(230), (ii) determining (e.g., by the controller (230)) that the
received message is an AP-originated message, (iii) forwarding the IP packets, by the controller (230), to the
download chain (231), (iv) encapsulating the received IP
packets by the MAC layer (240) to generate one or more
MAC frames, (v) sending the MAC frames to the Physical
layer (240), where the physical layer (240) subsequently
provides the MAC frames(s) to the transceiver in order for
the transceiver (250) to transmit the MAC frames to the
client via the wireless link.
At STEP 1030, the client sends, in response to receiving
the AP-originated message, an AP-acknowledgement message. The AP-acknowledgement message includes an
acknowledgement that the AP-originated message was
received. The AP-acknowledgement message is sent via the
bidirectional download channel utilizing the download
bandwidth. In one embodiment of the invention, the client
receives the AP-originated message, e.g., in the form of one
or more MAC frames, on the transceiver (350). Further, the
client sends the AP-acknowledgement to the AP via the
download channel and the wireless link (130). In one
embodiment of the invention, the AP-acknowledgment is
generated by the MAC layer (330).
FIG. 5B shows a signaling diagram of a method according
to one or more embodiments of the invention. The method
depicted in FIG. 5B may be used to transfer data from a
client (120) to an additional network over a wireless link in
accordance with one or more embodiments of the invention.
One or more steps shown in FIG. 5B may be omitted,
repeated, and/or performed in a different order among different embodiments of the invention. Each step of FIG. 5B
is designated as (ULC) if the signal is send over the
bidirectional upload channel or (DLC) if sent over the
bidirectional download channel.
At STEP 2000, the AP sends an AP-originated message to
a client. The AP-originated message includes a request for
data on the client. For example, an additional network may
request a photo that is located on the client. The AP-
originated message is sent to the client using the download
chain (231) utilizing the download bandwidth.
At STEP 2010, the client sends, in response to the
AP-originated message, an AP-acknowledgement message.
The AP-acknowledgement message includes an acknowledgement that the AP-originated message was received. The
AP-acknowledgement message is sent via the bidirectional
download channel utilizing the download bandwidth.
At STEP 2020, the client sends a client-originated message. The client-originated message includes the requested
data or information about the requested data. The clientoriginated message is sent via the bidirectional upload
channel utilizing the upload bandwidth.
At STEP 2030, the AP sends, in response to the clientoriginated message, a client-acknowledgement message.
The client-acknowledgement message includes an acknowledgement that the client-originated message was received.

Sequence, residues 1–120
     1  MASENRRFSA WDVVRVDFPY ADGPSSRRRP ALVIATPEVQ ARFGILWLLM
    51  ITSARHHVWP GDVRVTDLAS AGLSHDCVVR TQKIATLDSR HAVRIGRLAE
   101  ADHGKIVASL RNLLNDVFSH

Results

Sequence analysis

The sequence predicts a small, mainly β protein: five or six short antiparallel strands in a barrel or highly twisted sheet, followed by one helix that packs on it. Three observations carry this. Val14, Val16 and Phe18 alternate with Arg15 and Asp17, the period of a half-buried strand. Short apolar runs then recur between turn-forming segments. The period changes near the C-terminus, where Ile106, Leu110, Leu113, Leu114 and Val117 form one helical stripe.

The client-acknowledgement message is sent using the
upload chain utilizing the upload bandwidth. The AP then
sends the requested data to the additional network.
In some cases, a traffic load ratio may change and the AP
may need to reallocate the total communication bandwidth
(130). FIG. SC illustrates a method of reallocating bandwidth (130) to the download bandwidth and the upload
bandwidth in accordance with one or more embodiments of
the invention. One or more steps shown in FIG. SC may be
omitted, repeated, and/or performed in a different order
among different embodiments of the invention. Each step of
FIG. SC is designated as (ULC) if the signal is send over the
bidirectional upload channel or (DLC) if sent over the
bidirectional download channel.
At STEP 3000, the access point determines that the
wireless link load ratio has changed. For example, a number
of clients may begin to request many video files contained
on the additional network. Such requests may increase the
amount of data that needs to be sent from the AP to the
clients over the wireless link. In one or more embodiments
of the invention, the access point determines a new download bandwidth and a new upload bandwidth in response to
determining that the wireless link load ratio has changed. In
one or more embodiments of the invention, the access point
determines a ratio of a new download bandwidth to a new
upload bandwidth in response to determining that the wireless link load ratio has changed.
At STEP 3010, the AP sends a channel update message to
all of the clients. In one or more embodiments of the
invention, the channel update message including a new
download bandwidth and a new upload bandwidth. More
specifically, the channel update message includes the new
channels that will be used for the download and upload
channels. Said another way, the channel update message will
specify one or more channel(s) (see FIG. 4B) or frequency
ranges that are to be used for each of the upload channel and
the download channel. The channel update message is sent
via the bidirectional download channel utilizing the download bandwidth. In one or more embodiments of the invention, the channel update message is sent through a broadcast
system according to the existing IEEE 802 .11 beacon system
used for access point presence identification and other
purposes.
In one or more embodiments of the invention, the channel
update message includes the ratio of a new download
bandwidth to a new upload bandwidth. More specifically,
the channel update message includes a new ratio of the total
available communication bandwidth to be assigned to the